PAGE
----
WHERE HE WAS growing up, a white person was considered a minority, says Asif Kapadia. The Oscar-winning documentary director has been exceptionally busy, helming two new Apple TV+ series, The Me You Can’t See, produced by Oprah Winfrey and Prince Harry, and 1971: The Year That Music Changed, as well as being executive producer on Amazon Prime Video’s haunting new show, The Last Hour. “There were seven us from India, Pakistan, and Bangladesh, seven from the Caribbean and six-seven from other countries. There was only one person who could be considered white,” he adds. It was only when he left school in what was a particularly rough part of Hackney, to go to the Royal College of Art, that he realised he was actually the minority in what was supposed to be a multicultural city. And as he grew in his profession, that fact was repeatedly reinforced.
The film industry in the UK, he says, essentially comprises white, wealthy men who went to private schools and then Oxford or Cambridge. They often tell stories about themselves and therefore you get loads of TV shows about kings and queens and wealthy people, he adds. That is the first time Kapadia, the son of a postman father and machinist mother, began to feel like an outsider. Perhaps it is this liminal status that has always attracted him. It certainly underlines his celebrity trilogy, Senna (2010), Amy (2015) for which he won an Oscar for Best Documentary, and Diego Maradona (2019). As a filmmaker of Indian origin who is also a Muslim, Kapadia—who is often called the man who reinvented the documentary—finds himself naturally drawn to darker stories of anti-heroes and misfits. The idea of outsiders, on the periphery, on the edge, who are not classically the heroes, fascinates him. “I am interested in drama, in interesting characters, in stories. I like the idea that you think you know this person but then I turn it around for you,” he adds.
Having lived in London all his life, he often feels it’s an in-between place, five hours behind India and five hours ahead of New York. “I have always felt very European and we [England] voted to leave Europe which is one of the most idiotic things during my lifetime. We’re becoming a small island, we’re becoming small-minded whereas I’ve always felt very international,” says Kapadia. Indeed his work speaks to people from across the world, whether it is 1971, which chronicles the seminal influence of music on a society on the boil or The Me You Can’t See, which documents the mental health struggles of people across the world.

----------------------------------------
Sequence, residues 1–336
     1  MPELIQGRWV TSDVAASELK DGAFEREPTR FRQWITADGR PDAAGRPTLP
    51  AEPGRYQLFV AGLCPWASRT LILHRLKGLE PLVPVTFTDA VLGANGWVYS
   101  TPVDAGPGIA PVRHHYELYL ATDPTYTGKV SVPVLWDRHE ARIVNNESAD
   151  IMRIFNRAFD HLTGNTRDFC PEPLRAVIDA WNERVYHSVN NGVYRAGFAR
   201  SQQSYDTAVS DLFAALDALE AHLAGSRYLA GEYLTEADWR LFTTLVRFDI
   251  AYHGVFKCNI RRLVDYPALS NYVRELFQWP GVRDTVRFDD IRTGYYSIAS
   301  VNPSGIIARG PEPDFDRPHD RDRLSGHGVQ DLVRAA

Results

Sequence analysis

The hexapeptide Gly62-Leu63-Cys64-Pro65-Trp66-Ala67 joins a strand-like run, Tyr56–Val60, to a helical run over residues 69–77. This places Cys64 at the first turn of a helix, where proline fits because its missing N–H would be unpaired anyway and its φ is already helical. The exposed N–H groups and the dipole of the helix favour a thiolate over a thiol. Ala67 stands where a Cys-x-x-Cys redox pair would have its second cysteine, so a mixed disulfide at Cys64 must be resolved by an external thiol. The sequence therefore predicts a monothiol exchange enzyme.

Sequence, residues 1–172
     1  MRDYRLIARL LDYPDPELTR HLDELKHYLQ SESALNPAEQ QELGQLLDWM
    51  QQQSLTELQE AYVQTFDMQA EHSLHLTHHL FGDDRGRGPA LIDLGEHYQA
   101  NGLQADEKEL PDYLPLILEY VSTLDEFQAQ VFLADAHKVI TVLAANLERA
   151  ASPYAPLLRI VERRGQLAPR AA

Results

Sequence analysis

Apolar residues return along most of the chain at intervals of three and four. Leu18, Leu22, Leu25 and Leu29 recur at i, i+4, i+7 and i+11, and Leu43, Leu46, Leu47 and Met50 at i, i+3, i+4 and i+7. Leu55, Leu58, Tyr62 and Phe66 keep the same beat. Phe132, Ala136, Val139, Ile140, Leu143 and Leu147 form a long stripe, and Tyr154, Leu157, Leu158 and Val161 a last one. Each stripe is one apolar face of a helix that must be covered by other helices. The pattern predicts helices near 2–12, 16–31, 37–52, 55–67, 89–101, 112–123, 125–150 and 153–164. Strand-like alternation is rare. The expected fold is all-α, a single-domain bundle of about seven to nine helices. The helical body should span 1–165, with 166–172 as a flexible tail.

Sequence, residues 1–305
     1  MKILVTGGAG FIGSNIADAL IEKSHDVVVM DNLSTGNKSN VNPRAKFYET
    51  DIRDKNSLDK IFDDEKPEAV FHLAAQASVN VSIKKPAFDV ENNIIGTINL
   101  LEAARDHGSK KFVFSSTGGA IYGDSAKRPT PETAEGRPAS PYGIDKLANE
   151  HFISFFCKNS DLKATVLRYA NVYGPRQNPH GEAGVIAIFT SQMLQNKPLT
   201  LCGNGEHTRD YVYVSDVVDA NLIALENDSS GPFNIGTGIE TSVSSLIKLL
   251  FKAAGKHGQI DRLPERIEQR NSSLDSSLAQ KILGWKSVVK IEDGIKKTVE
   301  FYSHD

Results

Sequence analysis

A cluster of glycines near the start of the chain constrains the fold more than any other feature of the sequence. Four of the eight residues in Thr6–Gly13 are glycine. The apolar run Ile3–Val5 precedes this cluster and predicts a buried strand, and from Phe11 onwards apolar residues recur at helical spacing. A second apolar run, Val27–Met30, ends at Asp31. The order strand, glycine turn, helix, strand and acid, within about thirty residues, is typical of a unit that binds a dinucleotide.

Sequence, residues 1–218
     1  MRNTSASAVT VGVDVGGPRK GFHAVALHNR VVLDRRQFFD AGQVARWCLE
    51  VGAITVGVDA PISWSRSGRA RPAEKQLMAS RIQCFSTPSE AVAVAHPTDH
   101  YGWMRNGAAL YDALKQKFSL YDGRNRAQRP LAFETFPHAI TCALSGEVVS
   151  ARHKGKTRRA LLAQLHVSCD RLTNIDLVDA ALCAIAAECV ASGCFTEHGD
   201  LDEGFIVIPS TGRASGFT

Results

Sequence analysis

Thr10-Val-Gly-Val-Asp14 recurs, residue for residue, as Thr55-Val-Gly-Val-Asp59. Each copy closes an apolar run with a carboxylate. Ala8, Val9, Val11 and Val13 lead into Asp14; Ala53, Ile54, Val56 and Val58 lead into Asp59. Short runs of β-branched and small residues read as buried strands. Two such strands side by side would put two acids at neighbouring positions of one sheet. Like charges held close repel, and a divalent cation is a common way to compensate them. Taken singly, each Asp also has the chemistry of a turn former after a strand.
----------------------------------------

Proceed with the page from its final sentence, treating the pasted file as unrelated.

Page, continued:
I am interested in interesting characters, in stories. I like the idea that you think you know this person but then I turn it around for you, says Asif Kapadia, producer and director
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The Last Hour, directed by his long-time friend Amit Kumar, is full of characters who live on the margins. There is the shaman on the run from a soul-snatcher, the police officer who is in denial about his wife’s death, the daughter who can talk to spirits, and another woman police officer who is often patronised by her bosses. There is a series of murders in this town in the middle of Sikkim and no one, except the shaman, quite knows what is happening. The shaman’s power, the ability to go back in time and see the departing soul’s last hour, gives him an uncanny ability to solve murders.
Kapadia has been urging the director, Amit Kumar, to make this series for the longest time. It bears the Monsoon Shootout (2013) director’s trademark of playing with time. Ask them when the idea for The Last Hour first came about and they can’t quite put their finger on it. “It was probably one of those sessions of Amit cooking for us in London and sitting across the table, chatting,” says Kapadia. “Or maybe the innumerable conversations we’ve had in auto rickshaw rides in India,” he says.
Kapadia has just come off directing the highly rated eight-part documentary series on 1971, with his emblematic mix of archival footage and a voiceover. This time some of the iconic lyrics of that year written by singers such as John Lennon, Marvin Gaye and Bob Dylan play as subtitles on the screen. The docu-series is very much of the moment—CNN has just made a documentary on Marvin Gaye’s 1971 album, What’s Going On: The Marvin Gaye Anthem. It analyses why the songs still speak to people 50 years on. He is also co-director of a five-part documentary on mental health, which was sparked by his own mother’s issues with mental wellbeing. “We didn’t talk about it in those days,” he says, “but now I realise what it was.”